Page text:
Earlier this week, we talked about the loophole in the U.S. Food and Drug Administration’s 510(k) medical device approval process which reportedly allowed for the approval of a vaginal mesh product manufactured by New Jersey-based Johnson & Johnson. Recently, members of the U.S. House of Representatives proposed a bill which, if passed, would close that loophole, effectively preventing devices based on dangerous, previously-recalled medical products from being approved by the FDA.
According to Jeffrey Shuren, the director of the FDA Center for Devices and Radiological Health, the agency does not necessarily support the bill itself, but it does support some change to the approval procedure. “It’s good for patients and it’s good for companies,” he said, “and it assures that if there’s a problem with the new device, it gets addressed before it goes to market.”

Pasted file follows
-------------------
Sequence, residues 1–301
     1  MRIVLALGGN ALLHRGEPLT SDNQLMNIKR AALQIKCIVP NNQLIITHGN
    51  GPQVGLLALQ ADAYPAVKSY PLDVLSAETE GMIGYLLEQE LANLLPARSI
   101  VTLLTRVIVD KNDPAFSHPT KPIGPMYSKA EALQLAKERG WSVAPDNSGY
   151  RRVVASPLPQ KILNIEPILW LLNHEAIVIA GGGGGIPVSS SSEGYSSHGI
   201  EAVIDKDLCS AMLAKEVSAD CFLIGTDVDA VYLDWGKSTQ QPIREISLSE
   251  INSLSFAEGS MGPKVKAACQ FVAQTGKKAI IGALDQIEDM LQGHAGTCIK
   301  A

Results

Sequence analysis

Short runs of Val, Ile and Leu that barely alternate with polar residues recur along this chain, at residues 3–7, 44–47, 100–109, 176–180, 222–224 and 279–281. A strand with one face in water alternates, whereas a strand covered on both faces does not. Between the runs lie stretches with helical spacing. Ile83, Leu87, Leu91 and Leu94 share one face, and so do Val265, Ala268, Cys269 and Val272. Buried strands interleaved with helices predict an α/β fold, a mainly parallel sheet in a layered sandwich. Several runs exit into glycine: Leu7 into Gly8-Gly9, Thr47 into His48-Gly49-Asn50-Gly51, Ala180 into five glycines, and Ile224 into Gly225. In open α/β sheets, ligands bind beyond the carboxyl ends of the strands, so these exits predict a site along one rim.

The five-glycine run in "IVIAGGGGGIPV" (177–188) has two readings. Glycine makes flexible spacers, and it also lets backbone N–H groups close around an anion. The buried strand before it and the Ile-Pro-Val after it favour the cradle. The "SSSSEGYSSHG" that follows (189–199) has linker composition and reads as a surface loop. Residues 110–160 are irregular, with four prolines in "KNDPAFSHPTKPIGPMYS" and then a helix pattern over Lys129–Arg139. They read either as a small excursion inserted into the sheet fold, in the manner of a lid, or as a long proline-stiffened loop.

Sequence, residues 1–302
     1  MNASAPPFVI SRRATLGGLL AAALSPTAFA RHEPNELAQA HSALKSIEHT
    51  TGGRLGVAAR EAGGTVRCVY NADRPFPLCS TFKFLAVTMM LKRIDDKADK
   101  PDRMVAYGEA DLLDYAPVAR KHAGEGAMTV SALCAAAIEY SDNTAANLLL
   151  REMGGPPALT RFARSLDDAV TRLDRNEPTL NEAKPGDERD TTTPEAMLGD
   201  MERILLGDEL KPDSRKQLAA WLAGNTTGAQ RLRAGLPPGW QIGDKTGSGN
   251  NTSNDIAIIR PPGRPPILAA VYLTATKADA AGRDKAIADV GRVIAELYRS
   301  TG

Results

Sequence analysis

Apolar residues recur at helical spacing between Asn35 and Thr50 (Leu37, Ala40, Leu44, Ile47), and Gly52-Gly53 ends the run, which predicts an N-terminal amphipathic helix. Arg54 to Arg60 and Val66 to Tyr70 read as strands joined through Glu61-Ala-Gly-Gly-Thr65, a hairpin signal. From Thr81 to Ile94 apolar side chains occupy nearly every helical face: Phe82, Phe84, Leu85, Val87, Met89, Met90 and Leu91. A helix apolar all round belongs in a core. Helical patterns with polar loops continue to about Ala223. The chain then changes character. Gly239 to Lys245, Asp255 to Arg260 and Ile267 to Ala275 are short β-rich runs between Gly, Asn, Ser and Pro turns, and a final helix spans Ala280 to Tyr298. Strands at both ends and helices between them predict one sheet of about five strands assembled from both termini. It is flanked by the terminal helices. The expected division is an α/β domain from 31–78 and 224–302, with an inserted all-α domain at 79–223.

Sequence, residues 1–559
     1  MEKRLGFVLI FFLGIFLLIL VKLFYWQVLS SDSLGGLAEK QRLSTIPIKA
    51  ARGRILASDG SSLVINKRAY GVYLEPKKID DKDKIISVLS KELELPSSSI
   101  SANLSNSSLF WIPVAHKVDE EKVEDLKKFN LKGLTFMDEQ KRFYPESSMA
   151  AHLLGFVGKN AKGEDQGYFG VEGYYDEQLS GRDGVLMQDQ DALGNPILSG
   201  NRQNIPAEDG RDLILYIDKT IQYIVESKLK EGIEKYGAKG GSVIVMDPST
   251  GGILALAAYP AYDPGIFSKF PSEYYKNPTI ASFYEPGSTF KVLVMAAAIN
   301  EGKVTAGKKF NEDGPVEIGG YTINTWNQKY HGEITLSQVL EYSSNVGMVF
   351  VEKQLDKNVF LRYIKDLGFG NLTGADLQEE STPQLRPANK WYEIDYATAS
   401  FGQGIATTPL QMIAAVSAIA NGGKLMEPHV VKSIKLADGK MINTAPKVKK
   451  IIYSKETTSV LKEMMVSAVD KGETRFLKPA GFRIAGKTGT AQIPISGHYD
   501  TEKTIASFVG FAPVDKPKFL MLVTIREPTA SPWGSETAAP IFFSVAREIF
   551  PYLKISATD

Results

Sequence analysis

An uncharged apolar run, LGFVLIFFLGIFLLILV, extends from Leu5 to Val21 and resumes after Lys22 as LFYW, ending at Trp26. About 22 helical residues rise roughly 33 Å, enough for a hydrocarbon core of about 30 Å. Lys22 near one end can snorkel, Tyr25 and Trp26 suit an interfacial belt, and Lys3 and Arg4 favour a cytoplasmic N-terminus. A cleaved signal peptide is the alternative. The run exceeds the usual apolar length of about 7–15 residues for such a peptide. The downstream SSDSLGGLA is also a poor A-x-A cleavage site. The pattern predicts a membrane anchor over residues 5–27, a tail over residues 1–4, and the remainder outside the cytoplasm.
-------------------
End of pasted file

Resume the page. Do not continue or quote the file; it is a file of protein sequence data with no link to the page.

Under the current approval process, Shuren says, a problem with a device can easily get replicated through endless future generations of the product.
The bill has naturally been opposed by a trade group that represents the device industry. The group says that the bill would add additional regulatory burdens for manufacturers that already struggle with a tedious FDA approval process.
In response, Shuren says that the change may actually make approvals easier when new devices are similar to previously-approved devices that have since been the target of recalls or safety concerns. In such a situation, manufacturers could show how their device had corrected the flaws of past versions, or how the earlier concerns were not relevant to the new version.
We will continue to update our blog as this bill progresses through the legislature.
If you or a loved one has been injured by a defective or dangerous product that has been approved by the FDA, please contact Breslin & Breslin for a free consultation.
Source: Bloomberg, “Medical Device Loophole Needs Closing by Congress, FDA Device Chief Says,” Alex Nussbaum, Feb. 28, 2012